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A victim of the atomic bombing of Hiroshima, she suffered severe burns; the pattern on her skin is from the kimono she was wearing at the time of the bombing.

Hibakusha (被爆者 ?) is the term widely used in Japan referring to victims of the atomic bombings of Hiroshima and Nagasaki. The Japanese word translates literally to "explosion-affected people."[1] As of March 31, 2008, exactly 243,692 living hibakusha were certified by the Japanese government, with an average age of 75.14.[2] Most of them live in Japan, but several thousand live in Korea and elsewhere.

The Japan Confederation of A- and H-Bomb Sufferers Organization (Japanese: Nihon Hidankyo) is a group formed by hibakusha in 1956 with the goals of pressuring the Japanese government to improve support of the victims and lobbying governments for the abolition of nuclear weapons.[3]


[edit] Law

The Atomic Bomb Survivors Relief Law defines hibakusha as people:

  1. who were within a few kilometers of the hypocenters of the bombs,
  2. who were within 2 km of the hypocenters within two weeks of the bombings,
  3. who were exposed to radiation from fallout, and
  4. babies carried by pregnant women in any of these categories.[4]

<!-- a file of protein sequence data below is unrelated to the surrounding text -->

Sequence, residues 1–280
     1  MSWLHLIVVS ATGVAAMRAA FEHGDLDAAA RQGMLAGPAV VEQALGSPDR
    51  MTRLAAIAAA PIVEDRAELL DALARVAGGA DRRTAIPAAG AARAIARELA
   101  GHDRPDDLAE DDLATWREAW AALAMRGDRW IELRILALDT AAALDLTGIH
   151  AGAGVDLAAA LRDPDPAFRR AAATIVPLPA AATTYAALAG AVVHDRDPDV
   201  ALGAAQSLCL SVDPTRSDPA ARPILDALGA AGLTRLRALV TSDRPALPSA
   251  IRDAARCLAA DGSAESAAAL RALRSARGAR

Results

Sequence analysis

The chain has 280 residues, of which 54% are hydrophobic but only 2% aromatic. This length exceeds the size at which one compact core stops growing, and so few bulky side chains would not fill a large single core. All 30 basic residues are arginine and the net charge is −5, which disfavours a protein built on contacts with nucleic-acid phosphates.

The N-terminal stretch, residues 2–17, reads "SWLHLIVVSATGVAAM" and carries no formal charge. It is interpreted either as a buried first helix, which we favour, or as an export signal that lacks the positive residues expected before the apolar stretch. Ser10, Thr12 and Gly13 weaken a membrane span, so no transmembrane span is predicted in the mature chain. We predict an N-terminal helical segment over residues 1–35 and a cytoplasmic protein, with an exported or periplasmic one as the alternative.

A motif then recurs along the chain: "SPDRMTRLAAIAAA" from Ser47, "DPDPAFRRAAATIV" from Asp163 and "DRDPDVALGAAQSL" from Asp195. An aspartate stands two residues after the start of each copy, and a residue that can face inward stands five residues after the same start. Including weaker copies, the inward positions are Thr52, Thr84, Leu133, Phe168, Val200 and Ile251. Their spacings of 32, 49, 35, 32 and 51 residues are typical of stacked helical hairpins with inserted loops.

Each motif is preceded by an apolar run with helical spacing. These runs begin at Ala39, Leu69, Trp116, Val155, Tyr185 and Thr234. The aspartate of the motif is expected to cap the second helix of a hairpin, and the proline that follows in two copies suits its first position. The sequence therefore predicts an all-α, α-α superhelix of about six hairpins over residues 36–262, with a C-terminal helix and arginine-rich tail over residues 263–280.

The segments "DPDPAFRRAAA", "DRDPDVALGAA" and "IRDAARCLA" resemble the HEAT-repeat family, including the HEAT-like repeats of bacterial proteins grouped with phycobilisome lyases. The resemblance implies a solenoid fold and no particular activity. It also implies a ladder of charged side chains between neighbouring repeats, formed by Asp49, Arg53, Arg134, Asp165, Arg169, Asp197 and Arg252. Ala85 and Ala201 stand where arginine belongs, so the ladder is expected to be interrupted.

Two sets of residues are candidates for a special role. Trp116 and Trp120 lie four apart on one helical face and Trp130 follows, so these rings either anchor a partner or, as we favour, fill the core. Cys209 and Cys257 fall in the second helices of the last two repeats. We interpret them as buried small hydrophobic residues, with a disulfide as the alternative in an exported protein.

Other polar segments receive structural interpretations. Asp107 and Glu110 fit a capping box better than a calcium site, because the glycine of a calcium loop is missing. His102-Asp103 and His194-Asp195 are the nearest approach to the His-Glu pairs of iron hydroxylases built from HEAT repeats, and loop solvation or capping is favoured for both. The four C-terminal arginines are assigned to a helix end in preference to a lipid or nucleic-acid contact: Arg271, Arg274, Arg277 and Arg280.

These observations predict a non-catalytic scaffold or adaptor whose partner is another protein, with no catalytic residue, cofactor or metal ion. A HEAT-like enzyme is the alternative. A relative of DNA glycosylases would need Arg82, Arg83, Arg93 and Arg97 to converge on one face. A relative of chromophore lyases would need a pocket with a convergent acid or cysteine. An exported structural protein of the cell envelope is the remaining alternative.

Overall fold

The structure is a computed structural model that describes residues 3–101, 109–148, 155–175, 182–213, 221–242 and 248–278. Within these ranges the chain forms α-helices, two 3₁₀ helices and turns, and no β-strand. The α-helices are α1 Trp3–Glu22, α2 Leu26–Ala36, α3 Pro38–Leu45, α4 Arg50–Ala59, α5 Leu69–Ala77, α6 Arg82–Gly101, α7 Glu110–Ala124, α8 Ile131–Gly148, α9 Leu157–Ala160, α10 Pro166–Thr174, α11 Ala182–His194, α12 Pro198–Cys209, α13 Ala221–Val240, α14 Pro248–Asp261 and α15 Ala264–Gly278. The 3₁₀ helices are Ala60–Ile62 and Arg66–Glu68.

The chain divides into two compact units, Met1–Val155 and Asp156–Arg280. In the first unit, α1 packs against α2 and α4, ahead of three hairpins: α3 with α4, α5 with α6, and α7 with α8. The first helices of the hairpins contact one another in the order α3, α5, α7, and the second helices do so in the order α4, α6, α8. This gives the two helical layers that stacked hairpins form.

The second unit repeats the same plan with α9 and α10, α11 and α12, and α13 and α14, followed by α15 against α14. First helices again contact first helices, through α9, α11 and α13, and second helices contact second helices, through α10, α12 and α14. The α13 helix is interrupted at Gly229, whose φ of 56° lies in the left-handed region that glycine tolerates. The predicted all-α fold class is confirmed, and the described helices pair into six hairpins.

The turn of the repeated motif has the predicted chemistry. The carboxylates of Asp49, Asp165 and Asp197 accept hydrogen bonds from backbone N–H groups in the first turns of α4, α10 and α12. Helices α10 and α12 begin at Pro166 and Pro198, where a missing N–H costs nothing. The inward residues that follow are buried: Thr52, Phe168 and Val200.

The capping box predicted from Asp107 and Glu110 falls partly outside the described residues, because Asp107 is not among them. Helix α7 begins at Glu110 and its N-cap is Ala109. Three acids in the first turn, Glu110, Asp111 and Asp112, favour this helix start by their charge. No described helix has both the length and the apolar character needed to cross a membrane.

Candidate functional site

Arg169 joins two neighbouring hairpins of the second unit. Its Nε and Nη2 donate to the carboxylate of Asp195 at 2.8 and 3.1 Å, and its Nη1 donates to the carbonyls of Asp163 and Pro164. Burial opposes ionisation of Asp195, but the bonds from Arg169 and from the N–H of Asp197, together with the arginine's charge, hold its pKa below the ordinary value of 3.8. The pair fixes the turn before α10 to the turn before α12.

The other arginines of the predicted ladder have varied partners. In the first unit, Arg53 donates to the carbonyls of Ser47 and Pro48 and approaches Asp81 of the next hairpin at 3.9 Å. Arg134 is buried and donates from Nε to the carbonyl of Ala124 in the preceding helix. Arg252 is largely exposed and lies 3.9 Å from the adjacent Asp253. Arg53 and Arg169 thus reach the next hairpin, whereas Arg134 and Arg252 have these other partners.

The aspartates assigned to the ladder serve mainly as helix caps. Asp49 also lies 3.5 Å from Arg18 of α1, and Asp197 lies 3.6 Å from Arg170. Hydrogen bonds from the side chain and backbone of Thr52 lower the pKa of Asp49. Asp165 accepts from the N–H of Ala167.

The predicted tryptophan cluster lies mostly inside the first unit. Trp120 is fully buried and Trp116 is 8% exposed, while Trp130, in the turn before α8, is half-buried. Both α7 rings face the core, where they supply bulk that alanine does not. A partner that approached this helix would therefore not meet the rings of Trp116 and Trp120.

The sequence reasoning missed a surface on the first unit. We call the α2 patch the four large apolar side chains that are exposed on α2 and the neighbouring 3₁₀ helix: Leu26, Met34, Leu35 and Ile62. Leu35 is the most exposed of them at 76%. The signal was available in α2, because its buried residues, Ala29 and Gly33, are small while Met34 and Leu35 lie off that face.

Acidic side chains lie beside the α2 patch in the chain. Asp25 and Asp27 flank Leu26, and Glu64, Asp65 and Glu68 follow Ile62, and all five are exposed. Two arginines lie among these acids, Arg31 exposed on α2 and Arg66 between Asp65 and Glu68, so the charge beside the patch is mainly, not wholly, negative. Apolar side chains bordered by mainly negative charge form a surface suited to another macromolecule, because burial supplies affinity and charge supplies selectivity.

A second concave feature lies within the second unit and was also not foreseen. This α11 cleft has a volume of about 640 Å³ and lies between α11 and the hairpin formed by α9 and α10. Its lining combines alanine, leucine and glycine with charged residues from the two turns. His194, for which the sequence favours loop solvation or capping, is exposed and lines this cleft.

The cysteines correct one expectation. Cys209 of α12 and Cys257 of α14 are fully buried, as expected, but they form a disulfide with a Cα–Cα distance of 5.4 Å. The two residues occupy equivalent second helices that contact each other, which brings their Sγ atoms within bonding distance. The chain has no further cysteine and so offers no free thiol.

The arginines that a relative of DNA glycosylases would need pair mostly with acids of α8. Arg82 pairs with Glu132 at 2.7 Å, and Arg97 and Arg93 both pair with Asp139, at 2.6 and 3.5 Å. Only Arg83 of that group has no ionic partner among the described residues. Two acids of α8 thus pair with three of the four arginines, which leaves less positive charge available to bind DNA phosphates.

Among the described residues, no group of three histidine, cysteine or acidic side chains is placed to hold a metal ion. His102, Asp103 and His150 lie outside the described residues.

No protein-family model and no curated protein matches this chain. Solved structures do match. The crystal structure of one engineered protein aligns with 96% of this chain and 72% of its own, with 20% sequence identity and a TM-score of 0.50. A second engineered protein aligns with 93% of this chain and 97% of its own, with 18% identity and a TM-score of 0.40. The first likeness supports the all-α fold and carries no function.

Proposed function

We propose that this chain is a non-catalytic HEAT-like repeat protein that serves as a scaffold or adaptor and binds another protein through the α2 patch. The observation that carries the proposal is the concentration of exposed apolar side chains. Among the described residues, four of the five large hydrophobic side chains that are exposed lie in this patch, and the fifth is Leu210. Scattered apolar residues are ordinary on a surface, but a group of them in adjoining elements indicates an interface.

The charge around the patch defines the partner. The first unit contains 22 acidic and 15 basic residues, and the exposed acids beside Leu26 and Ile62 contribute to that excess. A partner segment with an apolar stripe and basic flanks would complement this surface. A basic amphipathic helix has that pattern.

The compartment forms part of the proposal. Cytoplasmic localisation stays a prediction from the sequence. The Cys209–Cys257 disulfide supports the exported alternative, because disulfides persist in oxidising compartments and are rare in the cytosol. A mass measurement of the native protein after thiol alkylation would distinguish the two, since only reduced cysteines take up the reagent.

Hibakusha are entitled to government support. They receive a certain amount of allowance per month. They and their children were (and still are) victims of severe discrimination due to lack of knowledge about the consequences of radiation sickness, which people believed to be hereditary or even contagious.[5] About 1%, certified as suffering from bomb-related diseases, receive a special medical allowance.[6]

Each year, on the anniversaries of the bombings, lists of the names of hibakusha whose deaths have been recorded in the previous year are added to the cenotaphs in Hiroshima and Nagasaki. As of August 2008, the death tolls stand at 258,310 at Hiroshima,[7] and 145,984 at Nagasaki.[8]

[edit] Book

Studs Terkel's book The Good War has a conversation with two hibakusha. The postscript observes:

There is considerable discrimination in Japan against the hibakusha. It is frequently extended toward their children as well: socially as well as economically. "Not only hibakusha, but their children, are refused employment," says Mr. Kito. "There are many among them who do not want it known that they are hibakusha.


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